Replacement Housing Services Consortium, LLC

Lon Oberpriller

Tough Questions, Smart Answers: Putting Client Needs First

An experienced builder, Lon Oberpriller of Replacement Housing Services Consortium, LLC, comes armed with three invaluable tools to help his clients: expertise, research, and a unique sense of service.

“My approach is considerably different from that of many contractors,” he states. “I’m old school: As a professional, I owe it to my customers to look out for their best interests. It’s about the client, not about how much money I can make—how successful the client and their project will be in the long run. So I have a responsibility to give the best counsel and provide the best building expertise I can. Many of my clients are young, with children. They need to ensure that the money they invest in their home has potential for return.”

“In today’s economy, it’s no longer good enough to just build well,” Lon maintains. “Each building project must be looked at in its larger context, how it will add value if the clients need to re-sell their home.

Major building mistakes, upon resale, can end up costing $50,000 to $200,000, or more, losses that do significant damage to the household financial structure.”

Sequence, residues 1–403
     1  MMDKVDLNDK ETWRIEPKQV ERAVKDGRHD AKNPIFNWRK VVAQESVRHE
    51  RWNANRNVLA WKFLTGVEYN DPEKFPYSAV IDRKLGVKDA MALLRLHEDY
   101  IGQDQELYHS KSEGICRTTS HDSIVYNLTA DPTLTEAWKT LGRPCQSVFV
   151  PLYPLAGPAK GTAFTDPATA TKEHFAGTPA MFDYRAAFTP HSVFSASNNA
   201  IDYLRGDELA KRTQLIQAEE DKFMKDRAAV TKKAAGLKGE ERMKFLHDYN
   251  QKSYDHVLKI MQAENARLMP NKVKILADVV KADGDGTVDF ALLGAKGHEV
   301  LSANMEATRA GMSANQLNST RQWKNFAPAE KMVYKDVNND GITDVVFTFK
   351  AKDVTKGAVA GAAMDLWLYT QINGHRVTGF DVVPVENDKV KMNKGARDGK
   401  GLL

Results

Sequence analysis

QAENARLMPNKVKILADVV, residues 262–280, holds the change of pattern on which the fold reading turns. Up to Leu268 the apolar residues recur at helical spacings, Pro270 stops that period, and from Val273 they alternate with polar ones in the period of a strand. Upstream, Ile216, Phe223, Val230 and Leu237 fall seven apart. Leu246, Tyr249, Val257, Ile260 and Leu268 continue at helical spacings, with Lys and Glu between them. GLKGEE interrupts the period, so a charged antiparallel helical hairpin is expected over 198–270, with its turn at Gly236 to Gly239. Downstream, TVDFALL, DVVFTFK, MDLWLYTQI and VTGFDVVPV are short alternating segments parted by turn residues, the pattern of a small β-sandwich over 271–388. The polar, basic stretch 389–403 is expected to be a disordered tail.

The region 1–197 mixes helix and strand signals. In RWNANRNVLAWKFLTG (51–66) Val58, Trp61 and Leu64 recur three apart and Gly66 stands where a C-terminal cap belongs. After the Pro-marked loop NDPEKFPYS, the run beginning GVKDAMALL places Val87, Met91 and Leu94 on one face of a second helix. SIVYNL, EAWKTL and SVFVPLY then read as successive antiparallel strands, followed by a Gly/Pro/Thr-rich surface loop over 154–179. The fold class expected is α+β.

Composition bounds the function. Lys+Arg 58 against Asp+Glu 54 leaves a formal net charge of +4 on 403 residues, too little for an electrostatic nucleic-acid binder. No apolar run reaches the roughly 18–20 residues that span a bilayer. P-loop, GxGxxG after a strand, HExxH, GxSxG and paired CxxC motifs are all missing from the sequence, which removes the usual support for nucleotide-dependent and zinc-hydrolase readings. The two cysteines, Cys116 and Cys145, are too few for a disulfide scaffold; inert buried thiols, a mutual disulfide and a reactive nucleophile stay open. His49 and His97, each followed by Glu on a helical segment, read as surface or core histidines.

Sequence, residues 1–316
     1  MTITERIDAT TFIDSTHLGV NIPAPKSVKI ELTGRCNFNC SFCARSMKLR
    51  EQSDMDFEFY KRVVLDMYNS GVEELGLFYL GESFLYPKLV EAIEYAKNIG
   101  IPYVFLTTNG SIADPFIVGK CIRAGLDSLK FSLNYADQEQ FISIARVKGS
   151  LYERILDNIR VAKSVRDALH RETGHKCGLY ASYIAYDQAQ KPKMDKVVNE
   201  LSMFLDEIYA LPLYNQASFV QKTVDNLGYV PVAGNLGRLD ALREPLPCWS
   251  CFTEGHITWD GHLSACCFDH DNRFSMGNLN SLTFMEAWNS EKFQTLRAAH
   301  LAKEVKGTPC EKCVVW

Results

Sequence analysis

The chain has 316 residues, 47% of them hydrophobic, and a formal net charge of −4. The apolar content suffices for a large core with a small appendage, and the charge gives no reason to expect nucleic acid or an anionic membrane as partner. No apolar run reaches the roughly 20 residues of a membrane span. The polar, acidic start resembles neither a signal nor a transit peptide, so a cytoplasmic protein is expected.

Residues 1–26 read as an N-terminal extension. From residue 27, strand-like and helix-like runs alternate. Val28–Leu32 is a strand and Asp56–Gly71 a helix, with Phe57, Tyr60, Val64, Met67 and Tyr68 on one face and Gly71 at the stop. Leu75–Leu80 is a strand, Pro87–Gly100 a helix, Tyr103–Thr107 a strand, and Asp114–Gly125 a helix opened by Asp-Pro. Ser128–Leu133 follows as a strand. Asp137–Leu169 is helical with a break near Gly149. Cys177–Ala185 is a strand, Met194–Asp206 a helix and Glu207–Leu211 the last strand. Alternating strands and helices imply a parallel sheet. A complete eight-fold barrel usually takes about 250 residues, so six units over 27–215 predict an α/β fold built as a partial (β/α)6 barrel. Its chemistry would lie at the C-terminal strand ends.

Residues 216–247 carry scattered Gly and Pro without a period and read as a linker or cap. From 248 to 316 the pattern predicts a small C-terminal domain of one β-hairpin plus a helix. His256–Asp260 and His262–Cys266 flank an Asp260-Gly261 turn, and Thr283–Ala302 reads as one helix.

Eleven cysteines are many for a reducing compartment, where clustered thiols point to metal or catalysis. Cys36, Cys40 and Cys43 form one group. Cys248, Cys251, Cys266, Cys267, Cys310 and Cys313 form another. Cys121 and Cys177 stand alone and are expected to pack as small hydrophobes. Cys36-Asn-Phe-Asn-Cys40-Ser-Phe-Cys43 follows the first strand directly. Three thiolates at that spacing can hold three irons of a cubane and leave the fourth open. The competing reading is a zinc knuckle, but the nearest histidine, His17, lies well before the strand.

Since 2000, Lon notes, housing replacement and revitalization (when homeowners build new or transform older homes in existing neighborhoods) have created a community-wide building renaissance. However, he cautions, this approach needs to be backed by solid financial and market research, as not all building decisions are wise. Above all, it’s important to understand the market dynamics and context of each individual situation. “Do you want to build an expensive home?” he asks. “It depends on the context. Some neighborhoods won’t support it.” Even smaller decisions have ramifications: “Should you remodel your kitchen or install new windows? What will the consequences be down the road?” Lon’s extensive research shows that the answer depends on where a house fits into the larger dynamic. In rapidly revitalizing neighborhoods, many improvements are meaningless and actually lead to losses if the market deems the home a teardown.